Phil:)

PS: the mending moment induced by the auger would also vary depending on the relative position of the auger blade along its shaft.


Phil - yes, the bending moment was one thing I was trying to get my mind around. Seems that in a rotating system it would cause a similar eccentric where ever the key was located, correct?

uute
07-17-2009, 03:33 PM
I meant this as a more general discussion, but since I provided an example:

How bout x-ploded drawings. :D :D

Forgot to resize them, so here are the links:

Shaft:
http://smg.photobucket.com/albums/v300/uute/?actionaction=view&current=OutputShft-IceMac.jpg

Drive Train:
http://smg.photobucket.com/albums/v300/uute/?action=view&current=IceMac-Drive.jpg

Load:
http://smg.photobucket.com/albums/v300/uute/?action=view&current=IceMac-Freez.jpg

Sorry about the cut & Paste
I can take some photos if youlike.

CT2

PS, Darned Photobucket pics aren't showing up in IE for me - work fine in Firefox????????????

ckelloug
07-17-2009, 04:19 PM
My instinct says it won't matter but if it's critical, do a finite element analysis.

None of the important net forces will change but some very small deflections (second order and higher) in the immediate area of the keyway and flats could change due to the way the shaft winds up when torqued.

By an off the cuff application of St. Venant's Theorem, there is sure to be no difference outside the immediate region of the flats and the keyway.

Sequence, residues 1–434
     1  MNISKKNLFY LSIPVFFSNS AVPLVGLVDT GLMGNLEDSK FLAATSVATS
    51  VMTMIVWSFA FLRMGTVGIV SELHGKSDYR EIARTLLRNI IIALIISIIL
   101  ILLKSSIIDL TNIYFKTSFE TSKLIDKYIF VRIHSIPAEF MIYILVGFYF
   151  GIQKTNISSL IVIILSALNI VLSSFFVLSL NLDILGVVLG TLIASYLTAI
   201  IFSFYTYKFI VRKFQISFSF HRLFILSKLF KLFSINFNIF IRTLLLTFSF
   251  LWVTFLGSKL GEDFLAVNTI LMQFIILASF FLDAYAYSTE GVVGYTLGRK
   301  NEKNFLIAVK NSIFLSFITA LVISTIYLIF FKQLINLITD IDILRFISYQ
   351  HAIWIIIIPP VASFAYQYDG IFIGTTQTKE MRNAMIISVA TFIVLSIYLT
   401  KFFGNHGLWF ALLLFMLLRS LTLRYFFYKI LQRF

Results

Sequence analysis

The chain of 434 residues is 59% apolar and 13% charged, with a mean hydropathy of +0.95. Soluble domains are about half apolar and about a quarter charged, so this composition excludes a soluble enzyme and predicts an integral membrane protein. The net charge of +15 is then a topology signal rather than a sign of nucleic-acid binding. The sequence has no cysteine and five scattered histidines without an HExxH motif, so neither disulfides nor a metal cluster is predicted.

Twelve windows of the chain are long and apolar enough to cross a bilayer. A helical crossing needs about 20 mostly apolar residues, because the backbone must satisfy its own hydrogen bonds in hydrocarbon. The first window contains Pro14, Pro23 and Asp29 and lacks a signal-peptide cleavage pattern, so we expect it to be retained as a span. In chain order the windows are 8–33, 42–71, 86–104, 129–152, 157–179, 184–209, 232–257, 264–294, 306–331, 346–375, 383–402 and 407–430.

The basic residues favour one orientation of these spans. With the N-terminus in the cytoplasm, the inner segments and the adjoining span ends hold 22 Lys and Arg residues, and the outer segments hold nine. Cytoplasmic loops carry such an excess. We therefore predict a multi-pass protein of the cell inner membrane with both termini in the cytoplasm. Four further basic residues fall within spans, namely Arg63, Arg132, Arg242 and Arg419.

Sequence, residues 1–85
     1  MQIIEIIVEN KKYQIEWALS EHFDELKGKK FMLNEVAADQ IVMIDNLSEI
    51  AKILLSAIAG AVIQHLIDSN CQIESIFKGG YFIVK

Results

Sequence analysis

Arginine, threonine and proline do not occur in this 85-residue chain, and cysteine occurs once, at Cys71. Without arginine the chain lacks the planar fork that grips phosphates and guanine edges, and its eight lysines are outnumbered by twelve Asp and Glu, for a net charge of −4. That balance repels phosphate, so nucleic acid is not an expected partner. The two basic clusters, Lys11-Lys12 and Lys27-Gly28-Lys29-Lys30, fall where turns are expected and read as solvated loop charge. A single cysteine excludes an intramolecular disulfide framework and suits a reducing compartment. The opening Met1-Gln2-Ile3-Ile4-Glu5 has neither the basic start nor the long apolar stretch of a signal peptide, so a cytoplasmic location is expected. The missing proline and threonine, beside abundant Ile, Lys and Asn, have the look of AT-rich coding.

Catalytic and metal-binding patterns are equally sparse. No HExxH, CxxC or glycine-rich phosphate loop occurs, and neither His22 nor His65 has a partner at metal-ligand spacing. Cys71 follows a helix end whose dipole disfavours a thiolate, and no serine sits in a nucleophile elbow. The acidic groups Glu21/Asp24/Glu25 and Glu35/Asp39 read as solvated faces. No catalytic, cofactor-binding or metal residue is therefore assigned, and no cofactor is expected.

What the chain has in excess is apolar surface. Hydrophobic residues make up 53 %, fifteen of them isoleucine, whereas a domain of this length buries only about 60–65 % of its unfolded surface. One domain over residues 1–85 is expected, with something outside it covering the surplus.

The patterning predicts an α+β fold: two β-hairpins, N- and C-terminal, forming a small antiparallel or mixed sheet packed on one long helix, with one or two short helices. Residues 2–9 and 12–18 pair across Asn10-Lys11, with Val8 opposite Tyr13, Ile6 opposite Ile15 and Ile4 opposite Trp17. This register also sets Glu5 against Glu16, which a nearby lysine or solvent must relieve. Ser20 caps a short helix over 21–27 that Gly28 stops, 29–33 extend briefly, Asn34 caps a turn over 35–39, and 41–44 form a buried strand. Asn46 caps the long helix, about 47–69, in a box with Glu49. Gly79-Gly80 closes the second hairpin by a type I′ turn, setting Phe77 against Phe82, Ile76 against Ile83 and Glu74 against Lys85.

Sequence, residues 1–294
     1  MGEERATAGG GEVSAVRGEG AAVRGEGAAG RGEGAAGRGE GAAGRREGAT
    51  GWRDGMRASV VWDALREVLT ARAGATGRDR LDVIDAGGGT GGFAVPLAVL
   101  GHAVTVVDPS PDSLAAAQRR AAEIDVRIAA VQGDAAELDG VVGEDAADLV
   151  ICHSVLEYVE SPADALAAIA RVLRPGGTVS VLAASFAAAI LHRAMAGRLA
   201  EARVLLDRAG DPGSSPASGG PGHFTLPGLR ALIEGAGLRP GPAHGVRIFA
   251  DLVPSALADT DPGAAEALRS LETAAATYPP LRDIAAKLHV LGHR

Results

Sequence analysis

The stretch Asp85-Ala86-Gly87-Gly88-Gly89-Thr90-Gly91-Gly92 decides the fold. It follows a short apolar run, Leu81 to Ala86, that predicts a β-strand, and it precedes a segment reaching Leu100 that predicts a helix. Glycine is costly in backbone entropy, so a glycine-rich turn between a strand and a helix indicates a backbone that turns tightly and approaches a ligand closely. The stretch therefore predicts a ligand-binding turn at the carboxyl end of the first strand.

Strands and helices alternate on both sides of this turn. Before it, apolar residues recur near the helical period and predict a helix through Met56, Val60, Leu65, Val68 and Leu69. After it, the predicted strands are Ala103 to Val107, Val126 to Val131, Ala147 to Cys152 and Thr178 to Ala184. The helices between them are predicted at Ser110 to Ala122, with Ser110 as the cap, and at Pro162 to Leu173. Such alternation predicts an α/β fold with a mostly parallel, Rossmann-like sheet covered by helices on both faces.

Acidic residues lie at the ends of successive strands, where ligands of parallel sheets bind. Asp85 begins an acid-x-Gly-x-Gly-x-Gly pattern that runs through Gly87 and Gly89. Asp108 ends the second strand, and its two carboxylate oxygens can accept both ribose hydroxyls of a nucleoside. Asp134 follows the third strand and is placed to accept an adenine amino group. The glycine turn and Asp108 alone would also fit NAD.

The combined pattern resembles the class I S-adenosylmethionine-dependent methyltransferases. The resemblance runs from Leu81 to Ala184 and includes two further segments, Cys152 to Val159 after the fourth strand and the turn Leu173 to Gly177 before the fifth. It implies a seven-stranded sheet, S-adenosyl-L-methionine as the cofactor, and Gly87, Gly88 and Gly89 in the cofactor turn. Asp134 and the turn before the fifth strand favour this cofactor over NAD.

So, I'd say that unless there are concerns about either manufacturing or installing the shaft with a particular keyway orientation, I wouldn't expect problems regardless.

agrip
07-17-2009, 05:43 PM
Nearly 3 diameters separation flat to key - - - should not be a problem, put key where convenient.

You did not mention a snap ring groove in the torque zone.

TILT

MAKE SURE the groove bottom is fully radiused.
That sucker WILL be the point of failure. Particularly if the groove bottom has sharp corners. Something like a 10x stress riser.

Ag

uute
07-17-2009, 06:53 PM
Thanks Ag, hadn't even thought about the groove, mostly because the one that did twist off broke where the drive end engaged auger.

The factory parts have a flat bottom groove w/ very small radius in corners. Not discounting what you've said, just telling what I see.

And of course it is a hard carbon steel shaft, I think I put SS on my drawing.

Thanks All for the discussion.